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Moving mountains.

On Friday night we lost Justice Ruth Bader Ginsburg, one of our country's most committed, principled, and inspiring leaders.

Throughout her career – first as a lawyer fighting for gender equality and then as a Judge – Justice Ginsburg inspired countless lawyers, especially women, to fight for equality. She faced discrimination as a young lawyer, and instead of giving in to the status quo she used her sharp legal mind to form a brilliant strategy to address widespread gender inequality. Her accomplishments ushered in a new era for women in this country.

While we mourn this enormous loss, we also must focus on the future.

Unfortunately, but not surprisingly, a few short hours after Justice Ginsburg's passing, Senate Majority Leader Mitch McConnell announced that the Senate will vote on President Trump's nominee even though the presidential election is just 44 days from now. This is the same Mitch McConnell who announced in 2016 that he would block the Supreme Court nominee President Obama put forward 270 days before the election.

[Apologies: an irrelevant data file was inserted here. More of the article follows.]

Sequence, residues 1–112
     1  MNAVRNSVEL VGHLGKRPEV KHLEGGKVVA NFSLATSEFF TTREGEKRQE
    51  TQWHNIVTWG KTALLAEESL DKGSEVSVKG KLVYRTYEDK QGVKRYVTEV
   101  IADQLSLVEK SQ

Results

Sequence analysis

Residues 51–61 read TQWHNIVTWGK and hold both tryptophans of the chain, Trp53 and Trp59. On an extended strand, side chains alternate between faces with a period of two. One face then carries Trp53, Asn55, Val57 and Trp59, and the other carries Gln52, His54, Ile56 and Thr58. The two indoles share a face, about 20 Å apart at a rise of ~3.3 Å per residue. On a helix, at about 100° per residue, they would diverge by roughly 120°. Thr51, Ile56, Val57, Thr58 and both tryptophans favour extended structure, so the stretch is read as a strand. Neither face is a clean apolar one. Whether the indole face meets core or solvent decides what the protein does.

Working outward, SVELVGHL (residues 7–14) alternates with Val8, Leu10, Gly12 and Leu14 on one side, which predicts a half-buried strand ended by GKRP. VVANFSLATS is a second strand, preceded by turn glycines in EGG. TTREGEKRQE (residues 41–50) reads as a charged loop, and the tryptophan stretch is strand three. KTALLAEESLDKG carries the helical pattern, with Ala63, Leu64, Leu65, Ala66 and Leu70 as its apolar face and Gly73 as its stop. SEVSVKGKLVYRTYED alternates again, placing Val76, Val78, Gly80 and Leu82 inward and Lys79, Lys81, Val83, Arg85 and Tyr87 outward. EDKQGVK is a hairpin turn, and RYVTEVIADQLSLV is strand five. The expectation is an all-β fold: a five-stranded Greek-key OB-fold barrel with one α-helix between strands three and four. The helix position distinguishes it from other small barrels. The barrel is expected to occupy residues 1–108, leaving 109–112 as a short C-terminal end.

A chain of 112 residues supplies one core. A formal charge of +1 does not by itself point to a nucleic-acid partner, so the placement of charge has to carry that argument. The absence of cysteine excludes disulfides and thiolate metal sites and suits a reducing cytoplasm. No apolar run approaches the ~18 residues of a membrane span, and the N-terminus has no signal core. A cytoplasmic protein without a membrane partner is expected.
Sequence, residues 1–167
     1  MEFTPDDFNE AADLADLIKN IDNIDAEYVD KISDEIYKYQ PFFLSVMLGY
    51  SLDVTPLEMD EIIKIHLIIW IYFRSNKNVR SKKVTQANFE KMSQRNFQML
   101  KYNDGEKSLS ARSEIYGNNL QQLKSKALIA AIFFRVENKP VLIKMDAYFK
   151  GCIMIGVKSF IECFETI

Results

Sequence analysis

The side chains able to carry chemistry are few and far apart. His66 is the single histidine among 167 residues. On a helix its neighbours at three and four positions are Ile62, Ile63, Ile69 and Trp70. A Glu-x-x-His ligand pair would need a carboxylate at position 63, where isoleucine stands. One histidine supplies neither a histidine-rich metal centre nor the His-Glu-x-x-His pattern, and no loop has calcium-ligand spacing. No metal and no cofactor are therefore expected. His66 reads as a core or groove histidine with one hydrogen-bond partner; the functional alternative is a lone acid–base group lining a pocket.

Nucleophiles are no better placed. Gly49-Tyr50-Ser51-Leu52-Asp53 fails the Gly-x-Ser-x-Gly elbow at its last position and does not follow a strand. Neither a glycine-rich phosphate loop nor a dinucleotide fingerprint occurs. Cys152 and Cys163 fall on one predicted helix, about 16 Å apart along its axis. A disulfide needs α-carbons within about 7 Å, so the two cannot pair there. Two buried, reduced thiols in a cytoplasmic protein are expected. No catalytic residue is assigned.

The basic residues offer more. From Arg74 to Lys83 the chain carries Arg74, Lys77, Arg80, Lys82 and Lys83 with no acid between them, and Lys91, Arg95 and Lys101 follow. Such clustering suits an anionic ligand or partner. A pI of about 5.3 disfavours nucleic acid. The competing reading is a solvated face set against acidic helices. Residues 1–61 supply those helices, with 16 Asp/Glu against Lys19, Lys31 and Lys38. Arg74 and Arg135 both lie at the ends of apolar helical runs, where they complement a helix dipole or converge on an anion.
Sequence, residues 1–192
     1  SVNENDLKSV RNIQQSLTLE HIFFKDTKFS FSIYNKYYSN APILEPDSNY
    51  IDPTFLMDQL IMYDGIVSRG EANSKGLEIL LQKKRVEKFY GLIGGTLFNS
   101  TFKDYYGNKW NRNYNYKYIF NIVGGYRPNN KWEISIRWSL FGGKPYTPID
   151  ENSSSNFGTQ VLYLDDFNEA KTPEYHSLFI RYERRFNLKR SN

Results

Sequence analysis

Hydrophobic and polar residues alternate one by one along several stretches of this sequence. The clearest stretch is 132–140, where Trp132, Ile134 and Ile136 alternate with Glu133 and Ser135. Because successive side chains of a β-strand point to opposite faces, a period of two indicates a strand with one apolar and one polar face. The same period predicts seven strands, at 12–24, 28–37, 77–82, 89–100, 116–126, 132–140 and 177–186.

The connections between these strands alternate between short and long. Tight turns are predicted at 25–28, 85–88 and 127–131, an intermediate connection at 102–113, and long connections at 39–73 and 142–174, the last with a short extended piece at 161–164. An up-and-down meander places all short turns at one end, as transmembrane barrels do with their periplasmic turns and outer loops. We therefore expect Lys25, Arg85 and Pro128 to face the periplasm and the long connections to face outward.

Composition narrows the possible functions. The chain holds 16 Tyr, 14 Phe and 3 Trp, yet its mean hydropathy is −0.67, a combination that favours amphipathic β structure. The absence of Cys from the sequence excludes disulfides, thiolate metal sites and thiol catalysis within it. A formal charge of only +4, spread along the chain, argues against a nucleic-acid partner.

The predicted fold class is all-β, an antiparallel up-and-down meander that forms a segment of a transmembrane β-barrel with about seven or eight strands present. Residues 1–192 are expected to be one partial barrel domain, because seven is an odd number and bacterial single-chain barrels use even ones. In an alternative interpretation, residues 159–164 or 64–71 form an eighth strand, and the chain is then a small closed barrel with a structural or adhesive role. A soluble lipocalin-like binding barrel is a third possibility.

Mitch McConnell and Senate Republicans are determined to get a third Trump nominee on the Supreme Court. What happens next will shape the Court for a generation. Everything is on the line: reproductive justice, racial justice, labor rights, LGBTQ rights, voter suppression, getting money out of politics, climate action, and more.

We must fight back against McConnell every step of the way, and work even harder to put him out of a job in November.

According to her granddaughter, Justice Ginsburg said in her final days: "My most fervent wish is that I will not be replaced until a new president is installed."

Justice Ginsburg moved mountains to make possible the wishes and dreams of future generations of women. To honor her legacy, we must bring that fight to the Senate.

Thank you for standing with me,


Posted on September 21, 2020.

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Meet Suzanne

Suzanne knows what it’s like to struggle to make ends meet. She worked her way through community college, university, and law school. She started her career at Legal Aid and worked as a consumer rights attorney. Throughout her career she’s been a leading advocate for public education, protecting the environment, and civil rights. She’s fighting for a better future for all Oregonians.

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